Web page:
The adoption of telehealth has continued to nearly double year-over-year for the past decade. According to our new consumer survey, 8% of U.S. consumers have tried it and while this may seem like a small number at first, it equates to millions of people. Furthermore, another 66% of consumers say they are willing to try it. This represents a massive opportunity and great potential for telehealth to be part of regular care delivery.
With consumers having high demands when it comes to healthcare, one of the biggest avenues for adoption is to give people what they want, which varies considerably by age. Our consumer survey highlights the unique opportunities for telehealth programs within different demographics.
- Millennials (ages 18-34): Millennials are the most likely generation to want to use telehealth and the most likely generation to have used it. In fact, Millennials are nearly three times as likely to have tried telehealth compared to other demographics. Specifically, Millennials want to use telehealth for mental health with nearly 40% reporting that they would regularly use telehealth for behavioral health management, higher than any other age demographic. Millennials are also the most likely age group to switch physicians to one who offers virtual care. To this generation however, cost is critical and is a major factor contributing to why many Millennials delay seeking medical care. Showing them how telehealth is a low-cost alternative to their traditional healthcare is important.
- Xennials (ages 35-44): This age group is oftentimes the primary healthcare decision maker in their household—whether that be for themselves, their children or their aging parents. Engaging this group—72% of whom say they are willing to use a video visit—in telehealth could be the key to driving multi-generational usage of telehealth. Of those who are willing to use telehealth, 57% would use telehealth to save time, 58% would use it for faster service, and 58% for cost savings, so emphasizing how telehealth can meet these needs is important. Yet, barriers do exist. Specifically, a preference for in-person care and concerns about privacy are two of the largest inhibitors. Consumers ages 35-44 were also concerned about insurance coverage—more than any other age group.
- Generation X (ages 45-54): This generation is highly pharma-focused – 42% of those in this group who use mobile health apps use pharmaceutical apps. They also are highly likely to be taking more than one medication to manage their health, so perhaps it’s no surprise that 80% of these consumers say they would use telehealth for prescription renewals. They also are the most willing generation to use telehealth for urgent care. But these consumers want to maintain their relationships with their existing providers and 69% say they are unwilling to switch primary care physicians (PCPs) for one who offers telehealth. Given their loyalty, telehealth services for middle-aged consumers should support existing relationships between patients and providers.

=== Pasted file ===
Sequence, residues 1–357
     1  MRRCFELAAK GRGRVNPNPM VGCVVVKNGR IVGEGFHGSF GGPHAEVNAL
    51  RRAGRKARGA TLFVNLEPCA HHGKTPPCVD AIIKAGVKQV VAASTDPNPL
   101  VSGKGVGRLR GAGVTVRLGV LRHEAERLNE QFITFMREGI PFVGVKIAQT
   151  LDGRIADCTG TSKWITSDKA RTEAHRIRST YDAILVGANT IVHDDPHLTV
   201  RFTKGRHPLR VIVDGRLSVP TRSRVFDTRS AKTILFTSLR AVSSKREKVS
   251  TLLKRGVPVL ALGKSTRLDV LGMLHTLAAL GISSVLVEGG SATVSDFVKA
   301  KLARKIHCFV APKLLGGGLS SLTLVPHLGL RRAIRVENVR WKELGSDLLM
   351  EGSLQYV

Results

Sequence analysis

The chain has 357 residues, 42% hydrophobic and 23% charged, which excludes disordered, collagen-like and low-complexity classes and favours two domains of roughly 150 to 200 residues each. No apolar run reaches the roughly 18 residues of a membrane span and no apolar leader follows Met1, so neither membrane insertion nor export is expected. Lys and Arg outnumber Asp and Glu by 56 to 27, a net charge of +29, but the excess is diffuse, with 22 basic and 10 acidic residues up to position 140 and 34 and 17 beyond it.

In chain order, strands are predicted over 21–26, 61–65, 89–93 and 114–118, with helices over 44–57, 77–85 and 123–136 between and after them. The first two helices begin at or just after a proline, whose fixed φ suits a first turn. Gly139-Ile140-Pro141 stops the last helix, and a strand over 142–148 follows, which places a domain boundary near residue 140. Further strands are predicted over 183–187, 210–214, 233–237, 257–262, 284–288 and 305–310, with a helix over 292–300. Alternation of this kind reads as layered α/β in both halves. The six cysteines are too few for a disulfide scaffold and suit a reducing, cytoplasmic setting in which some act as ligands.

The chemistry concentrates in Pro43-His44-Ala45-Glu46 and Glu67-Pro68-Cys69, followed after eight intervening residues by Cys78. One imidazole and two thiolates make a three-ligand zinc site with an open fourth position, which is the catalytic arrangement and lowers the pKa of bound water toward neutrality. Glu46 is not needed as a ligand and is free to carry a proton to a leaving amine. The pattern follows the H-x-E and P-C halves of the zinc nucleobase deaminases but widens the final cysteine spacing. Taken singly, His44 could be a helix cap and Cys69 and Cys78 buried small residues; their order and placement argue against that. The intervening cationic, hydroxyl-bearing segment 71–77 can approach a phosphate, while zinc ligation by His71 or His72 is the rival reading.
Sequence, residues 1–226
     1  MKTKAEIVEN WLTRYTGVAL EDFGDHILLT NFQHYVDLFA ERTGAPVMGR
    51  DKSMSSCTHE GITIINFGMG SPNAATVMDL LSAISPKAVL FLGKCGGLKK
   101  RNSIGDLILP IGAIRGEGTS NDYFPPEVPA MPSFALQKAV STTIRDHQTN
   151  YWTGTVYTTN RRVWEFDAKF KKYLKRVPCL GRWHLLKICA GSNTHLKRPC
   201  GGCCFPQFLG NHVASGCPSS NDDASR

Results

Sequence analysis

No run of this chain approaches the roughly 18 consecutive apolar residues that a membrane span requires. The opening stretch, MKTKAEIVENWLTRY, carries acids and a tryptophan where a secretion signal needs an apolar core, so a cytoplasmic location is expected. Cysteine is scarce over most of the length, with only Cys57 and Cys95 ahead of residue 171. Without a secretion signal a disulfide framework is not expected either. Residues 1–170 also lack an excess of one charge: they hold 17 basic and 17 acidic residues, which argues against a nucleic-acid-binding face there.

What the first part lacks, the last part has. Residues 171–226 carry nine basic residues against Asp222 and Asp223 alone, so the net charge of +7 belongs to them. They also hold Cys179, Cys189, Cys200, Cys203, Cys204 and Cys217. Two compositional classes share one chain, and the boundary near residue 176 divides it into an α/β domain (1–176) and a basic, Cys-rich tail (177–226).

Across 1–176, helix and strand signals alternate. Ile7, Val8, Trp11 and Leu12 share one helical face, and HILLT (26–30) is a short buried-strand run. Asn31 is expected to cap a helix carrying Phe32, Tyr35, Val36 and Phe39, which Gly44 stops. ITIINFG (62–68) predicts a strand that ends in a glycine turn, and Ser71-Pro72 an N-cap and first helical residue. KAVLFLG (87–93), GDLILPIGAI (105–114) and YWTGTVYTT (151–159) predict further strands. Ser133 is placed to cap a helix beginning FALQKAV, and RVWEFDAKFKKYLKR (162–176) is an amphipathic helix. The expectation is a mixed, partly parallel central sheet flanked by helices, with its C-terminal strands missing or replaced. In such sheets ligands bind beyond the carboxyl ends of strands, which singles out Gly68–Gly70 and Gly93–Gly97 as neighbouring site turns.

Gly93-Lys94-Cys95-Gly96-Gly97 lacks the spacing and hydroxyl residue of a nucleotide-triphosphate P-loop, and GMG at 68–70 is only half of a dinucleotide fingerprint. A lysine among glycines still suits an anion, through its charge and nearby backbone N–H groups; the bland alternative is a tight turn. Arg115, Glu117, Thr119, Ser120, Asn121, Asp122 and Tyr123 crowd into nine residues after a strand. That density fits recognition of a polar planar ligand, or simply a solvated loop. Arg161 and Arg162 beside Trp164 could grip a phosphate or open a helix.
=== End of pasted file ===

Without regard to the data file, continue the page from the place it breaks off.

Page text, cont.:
- Baby Boomers (ages 55-64): When it comes to telehealth, Baby Boomers are a more captive audience than health professionals may realize, with 61% willing to try virtual care visits. In fact, just 4% of consumers ages 55-64 cited concerns about using technology as a barrier to telehealth adoption— significantly lower than all other age groups. Yet just 3% of Baby Boomers have tried telehealth. To help engage this age group we should emphasize convenience, with our survey showing that among those in this group who are willing to use telehealth, 60% reference time savings and convenience as the reason. Chronic disease management and follow-up care use cases are also important to this generation. Specifically, 61% of Baby Boomers say they would use telehealth for chronic disease management, and 55% say they would try telehealth in order to connect with their physician virtually after surgery or hospital discharge.
- Seniors (ages 65+): While the senior population has the lowest interest overall, 52% of seniors are still open to using telehealth. They are also the least likely generation to delay seeking care and the most interested in receiving better access to healthcare professionals, making telehealth a great option for them to get quick and convenient access to healthcare. To continue engaging this population, we must recognize that seniors are the most eager to use telehealth for prescription renewals (84%) and chronic care (67%), which is likely due to the high prevalence of chronic conditions among this population. Follow-up visits is also important with the 65+ population being almost twice as likely to want to use telehealth for surgery or in-patient follow-up care compared to Millennials.
Ultimately, as organizations continue to introduce telehealth programs, it’s essential for them to understand where consumers see value in telehealth—and where they don’t—to maximize its worth and impact and increase adoption.
To view the full survey click here: https://www.americanwell.com/resources/telehealth-index-2019-consumer-survey/